COLUMBUS, Ohio — The school board and union representing teachers and other employees in Ohio’s largest school district early Thursday reached a “conceptual agreement,” tentatively ending a strike which began Monday.
The Columbus Board of Education and the Columbus Education Association did not disclose terms of the deal.
The district’s 47,000 students, who began the school year remotely on Wednesday, will continue with virtual learning for the rest of the week.
“This deal would not have been possible without the unwavering support of parents, community members, organized labor, and local businesses in Columbus,” the union said in a statement.
Nearly 4,500 teachers, librarians, nurses, counselors, psychologists and other education professionals will meet on the weekend to vote on the new contract. The school board is scheduled to vote on the agreement following the union’s ratification and in-school classes would resume Monday, both sides said.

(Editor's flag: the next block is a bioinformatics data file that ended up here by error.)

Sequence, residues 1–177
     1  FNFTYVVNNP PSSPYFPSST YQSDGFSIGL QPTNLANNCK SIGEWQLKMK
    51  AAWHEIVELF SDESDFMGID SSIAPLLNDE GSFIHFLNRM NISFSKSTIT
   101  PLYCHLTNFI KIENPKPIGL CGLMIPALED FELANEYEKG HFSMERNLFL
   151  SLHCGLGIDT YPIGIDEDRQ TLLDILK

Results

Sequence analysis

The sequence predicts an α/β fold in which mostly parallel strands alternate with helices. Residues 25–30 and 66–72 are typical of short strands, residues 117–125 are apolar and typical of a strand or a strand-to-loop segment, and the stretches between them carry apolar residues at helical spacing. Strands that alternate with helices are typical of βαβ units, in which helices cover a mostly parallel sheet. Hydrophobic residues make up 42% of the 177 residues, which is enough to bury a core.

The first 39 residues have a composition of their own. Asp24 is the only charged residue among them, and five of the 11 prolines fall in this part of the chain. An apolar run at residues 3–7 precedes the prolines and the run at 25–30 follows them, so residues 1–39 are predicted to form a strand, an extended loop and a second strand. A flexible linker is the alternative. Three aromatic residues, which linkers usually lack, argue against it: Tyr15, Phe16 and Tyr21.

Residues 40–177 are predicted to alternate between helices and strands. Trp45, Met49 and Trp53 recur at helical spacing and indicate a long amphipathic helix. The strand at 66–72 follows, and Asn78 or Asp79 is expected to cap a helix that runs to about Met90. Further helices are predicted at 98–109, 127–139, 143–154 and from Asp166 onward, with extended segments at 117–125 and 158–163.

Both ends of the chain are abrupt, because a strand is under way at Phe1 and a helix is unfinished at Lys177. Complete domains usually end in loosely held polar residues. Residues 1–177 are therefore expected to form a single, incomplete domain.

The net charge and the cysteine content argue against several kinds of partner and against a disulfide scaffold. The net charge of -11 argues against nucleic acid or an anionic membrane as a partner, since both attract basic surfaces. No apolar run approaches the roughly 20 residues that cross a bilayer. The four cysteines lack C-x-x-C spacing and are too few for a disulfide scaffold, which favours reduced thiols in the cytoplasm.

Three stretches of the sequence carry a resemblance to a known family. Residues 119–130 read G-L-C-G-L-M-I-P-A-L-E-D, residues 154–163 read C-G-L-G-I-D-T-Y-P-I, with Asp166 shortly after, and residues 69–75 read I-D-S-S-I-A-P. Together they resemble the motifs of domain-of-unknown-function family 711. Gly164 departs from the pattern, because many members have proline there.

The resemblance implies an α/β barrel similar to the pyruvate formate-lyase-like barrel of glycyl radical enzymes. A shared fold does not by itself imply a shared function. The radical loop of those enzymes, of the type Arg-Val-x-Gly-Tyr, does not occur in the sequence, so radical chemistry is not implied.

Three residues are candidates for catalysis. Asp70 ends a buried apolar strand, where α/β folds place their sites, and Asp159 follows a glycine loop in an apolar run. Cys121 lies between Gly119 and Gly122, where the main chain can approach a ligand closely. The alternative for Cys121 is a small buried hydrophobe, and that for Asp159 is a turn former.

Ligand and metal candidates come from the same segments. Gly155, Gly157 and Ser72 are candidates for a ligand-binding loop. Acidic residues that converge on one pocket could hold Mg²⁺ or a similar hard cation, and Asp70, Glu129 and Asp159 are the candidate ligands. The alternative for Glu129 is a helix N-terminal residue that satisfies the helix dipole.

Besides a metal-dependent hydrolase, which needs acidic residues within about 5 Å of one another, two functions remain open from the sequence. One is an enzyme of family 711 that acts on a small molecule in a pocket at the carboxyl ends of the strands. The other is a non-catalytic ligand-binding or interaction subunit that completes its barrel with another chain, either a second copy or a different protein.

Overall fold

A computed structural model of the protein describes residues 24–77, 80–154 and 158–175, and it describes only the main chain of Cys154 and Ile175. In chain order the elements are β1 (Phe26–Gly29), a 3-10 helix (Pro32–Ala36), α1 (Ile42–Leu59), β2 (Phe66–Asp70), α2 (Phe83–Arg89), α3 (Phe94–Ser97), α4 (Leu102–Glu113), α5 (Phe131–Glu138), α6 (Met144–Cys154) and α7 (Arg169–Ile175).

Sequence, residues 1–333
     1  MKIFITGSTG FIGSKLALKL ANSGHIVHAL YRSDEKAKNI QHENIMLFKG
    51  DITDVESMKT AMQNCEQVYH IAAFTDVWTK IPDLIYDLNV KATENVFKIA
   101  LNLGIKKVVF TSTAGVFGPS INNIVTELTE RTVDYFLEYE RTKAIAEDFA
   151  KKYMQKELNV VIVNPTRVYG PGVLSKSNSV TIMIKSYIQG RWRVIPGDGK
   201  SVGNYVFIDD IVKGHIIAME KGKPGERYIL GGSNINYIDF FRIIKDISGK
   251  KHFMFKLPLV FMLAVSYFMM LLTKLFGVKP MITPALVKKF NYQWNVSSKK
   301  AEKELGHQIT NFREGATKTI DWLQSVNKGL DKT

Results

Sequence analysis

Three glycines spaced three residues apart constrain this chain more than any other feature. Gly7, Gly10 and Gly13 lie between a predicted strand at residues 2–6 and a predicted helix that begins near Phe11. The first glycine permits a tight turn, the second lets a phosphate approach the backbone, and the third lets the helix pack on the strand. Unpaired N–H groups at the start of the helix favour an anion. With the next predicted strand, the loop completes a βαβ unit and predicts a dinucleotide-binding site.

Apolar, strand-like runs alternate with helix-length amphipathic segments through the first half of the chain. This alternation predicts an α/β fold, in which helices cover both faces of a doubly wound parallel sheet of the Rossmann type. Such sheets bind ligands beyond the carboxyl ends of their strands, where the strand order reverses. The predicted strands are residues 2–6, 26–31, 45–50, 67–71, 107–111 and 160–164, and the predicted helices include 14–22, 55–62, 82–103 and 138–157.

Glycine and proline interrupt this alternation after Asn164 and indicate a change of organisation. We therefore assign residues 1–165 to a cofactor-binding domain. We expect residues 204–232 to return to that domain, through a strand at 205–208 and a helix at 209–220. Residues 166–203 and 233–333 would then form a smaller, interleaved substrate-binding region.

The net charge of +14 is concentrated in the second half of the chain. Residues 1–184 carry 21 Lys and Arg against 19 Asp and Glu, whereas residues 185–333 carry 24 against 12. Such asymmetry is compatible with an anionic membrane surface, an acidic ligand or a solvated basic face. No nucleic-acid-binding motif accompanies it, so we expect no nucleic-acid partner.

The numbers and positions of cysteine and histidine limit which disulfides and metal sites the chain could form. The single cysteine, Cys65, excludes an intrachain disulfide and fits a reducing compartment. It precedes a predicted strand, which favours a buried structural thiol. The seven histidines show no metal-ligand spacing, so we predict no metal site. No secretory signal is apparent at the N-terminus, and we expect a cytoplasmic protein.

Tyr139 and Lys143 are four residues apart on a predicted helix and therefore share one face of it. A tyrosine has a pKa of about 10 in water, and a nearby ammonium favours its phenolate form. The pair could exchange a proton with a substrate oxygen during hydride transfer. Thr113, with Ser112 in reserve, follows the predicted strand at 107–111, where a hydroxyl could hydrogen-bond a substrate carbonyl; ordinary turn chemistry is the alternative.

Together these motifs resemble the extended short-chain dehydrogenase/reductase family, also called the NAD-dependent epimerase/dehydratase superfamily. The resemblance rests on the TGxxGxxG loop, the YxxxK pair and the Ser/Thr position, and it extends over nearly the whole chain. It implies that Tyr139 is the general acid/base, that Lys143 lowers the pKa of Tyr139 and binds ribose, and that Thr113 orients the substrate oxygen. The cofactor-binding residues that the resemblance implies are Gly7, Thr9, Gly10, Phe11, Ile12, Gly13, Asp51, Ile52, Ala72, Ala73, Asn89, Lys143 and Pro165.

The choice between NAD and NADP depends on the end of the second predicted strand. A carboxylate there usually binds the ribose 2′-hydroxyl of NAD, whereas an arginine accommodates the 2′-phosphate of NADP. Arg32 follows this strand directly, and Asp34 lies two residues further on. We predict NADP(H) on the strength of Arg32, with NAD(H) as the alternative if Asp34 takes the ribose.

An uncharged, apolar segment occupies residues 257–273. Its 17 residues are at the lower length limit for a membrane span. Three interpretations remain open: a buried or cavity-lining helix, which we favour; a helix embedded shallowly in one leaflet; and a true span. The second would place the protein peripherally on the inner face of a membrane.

“While the details cannot yet be disclosed, the contract recognizes the board’s commitment to improving our student outcomes, the essential work of the CEA members and strengthening our learning environments,” the school board said in a statement.
The union said more than 94% of its members voted to reject the school board’s final offer late Sunday and members took to picket lines for the first time since 1975.
The union pressed for safer buildings, better heating and air conditioning, smaller class sizes, and a more well-rounded curriculum that includes art, music and physical education. The school board said its offer put children first.
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